He also basked in the comforts allowed him as head of state in a nation with some of the largest oil reserves outside the Middle East. He traveled in a luxurious Airbus A319, complete with a private lounge. In one jaunt around Venezuela in 2007 with the actor Sean Penn, he roamed the plane, regaling foreign journalists on board with tales from his days as a soldier and claiming that U.S. intelligence officials were tracking his movements by satellite.
That outing was a rare glimpse of a man – twice married and the father of four – who guarded his privacy. Most times his government would not even say which official residence he might be sleeping in, although his aides did reveal that he smoked cigarettes in private and enjoyed coffee; at one point early in his presidency, he consumed as many as 26 cups of espresso a day.
Chavez understood the value of humor in his speeches, and he used it freely. But he was also a master of the political insult. "Apatrida" (stateless one) and "escualido" (squalid person) – just two of the disparaging terms he used for his opponents – became part of the Venezuelan lexicon. Another insult was used against those he perceived as mimicking North American cultural mores. "Pitiyanqui," he called them, roughly translated as "little Yankee."
THE RISE OF A REBEL
Hugo Rafael Chavez Frias was born on July 28, 1954, the second of six sons of primary school teachers who lived in an adobe house in Sabaneta, a town in the western Venezuelan state of Barinas, a region known for its cattle estates. His impoverished parents sent him and his older brother, Adan, to live with their grandmother. Chavez played baseball as a boy before enrolling in Venezuela’s military academy at 17.
After graduating, he joined a counterinsurgency unit roaming the state of Anzoategui in eastern Venezuela, assigned to subdue a Maoist rebel group called Red Flag. There, in the late 1970s and early ’80s, Chavez, then a junior communications officer, began chafing at the brutal treatment of guerrillas and questioning the inequality in Venezuelan society that Red Flag had hoped to eliminate.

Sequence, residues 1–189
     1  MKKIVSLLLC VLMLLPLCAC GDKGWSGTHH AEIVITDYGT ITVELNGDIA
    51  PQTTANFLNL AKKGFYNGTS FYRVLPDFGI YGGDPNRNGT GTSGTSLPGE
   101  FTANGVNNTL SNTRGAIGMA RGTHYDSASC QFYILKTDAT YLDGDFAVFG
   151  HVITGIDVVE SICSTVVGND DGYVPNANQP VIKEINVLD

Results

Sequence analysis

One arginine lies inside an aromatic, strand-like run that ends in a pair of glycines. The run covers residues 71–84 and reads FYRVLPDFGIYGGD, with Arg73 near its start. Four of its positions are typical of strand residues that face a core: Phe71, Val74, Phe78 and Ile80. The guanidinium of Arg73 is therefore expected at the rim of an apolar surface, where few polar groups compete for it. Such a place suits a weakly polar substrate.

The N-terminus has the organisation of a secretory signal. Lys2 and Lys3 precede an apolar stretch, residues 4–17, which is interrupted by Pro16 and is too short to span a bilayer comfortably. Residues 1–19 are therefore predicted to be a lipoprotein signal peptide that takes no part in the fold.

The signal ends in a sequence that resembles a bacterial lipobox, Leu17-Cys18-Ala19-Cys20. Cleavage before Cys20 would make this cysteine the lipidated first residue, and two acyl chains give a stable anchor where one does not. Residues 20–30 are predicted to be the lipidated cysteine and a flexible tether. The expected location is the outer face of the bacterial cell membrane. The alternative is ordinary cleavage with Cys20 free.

Soon he helped create a clandestine cell of like-minded young officers within the army, drawing on the guidance of Douglas Bravo, a leftist guerrilla leader who advocated using the nation’s petroleum reserves as a tool for radical change. They called their group the Bolivarian Revolutionary Movement.
Reading voraciously on Venezuelan history and global politics, Chavez began to articulate a national ideology, much as Castro had done in Cuba. One of his biographers, Cristina Marcano, said Chavez had spoken of being influenced by "The Green Book," the three-volume political tract by Moammar Gadhafi of Libya.
Once in power, Chavez established ties with Gadhafi and other Middle Eastern leaders who similarly used oil resources to buttress nationalist governments.
Those who knew Chavez well, before he emerged from obscurity during the failed 1992 coup attempt, saw another side to his intellectual development.
Herma Marksman, a history professor who was Chavez’s mistress from 1984 to 1993, said he loved to have her read aloud to him from books while he drove a car aimlessly through the streets of Caracas. "He would hang on every word, especially if it was fiction by Garcia Marquez," Marksman said in a 2006 interview, referring to the Nobel-prize winning Colombian novelist Gabriel Garcia Marquez.
Throughout the 1980s, Chavez and his fellow conspirators waited for the right moment to try to seize power. Venezuelans were becoming increasingly restive over a political system permeated with corruption and dominated by two parties – Copei, a Christian democratic group, and Democratic Action. A decline in oil prices in the 1980s, along with years of fiscal mismanagement, left Venezuela perpetually on the edge of crisis. In 1989, hundreds died in anti-government riots.
Chavez supporters, critics react
Word of Chavez’s death drew swift expressions of sorrow and solidarity from regional allies.
Ecuador and Cuba bothannounced three days of national mourning to honor Chavez.
"The national government expresses its solidarity in light of this irreparable loss that puts the Venezuelan people and all the region in mourning and at the same time sends its heartfelt condolences to the family of the late champion of Latin America,"Ecuador’sforeign ministry said in a statement.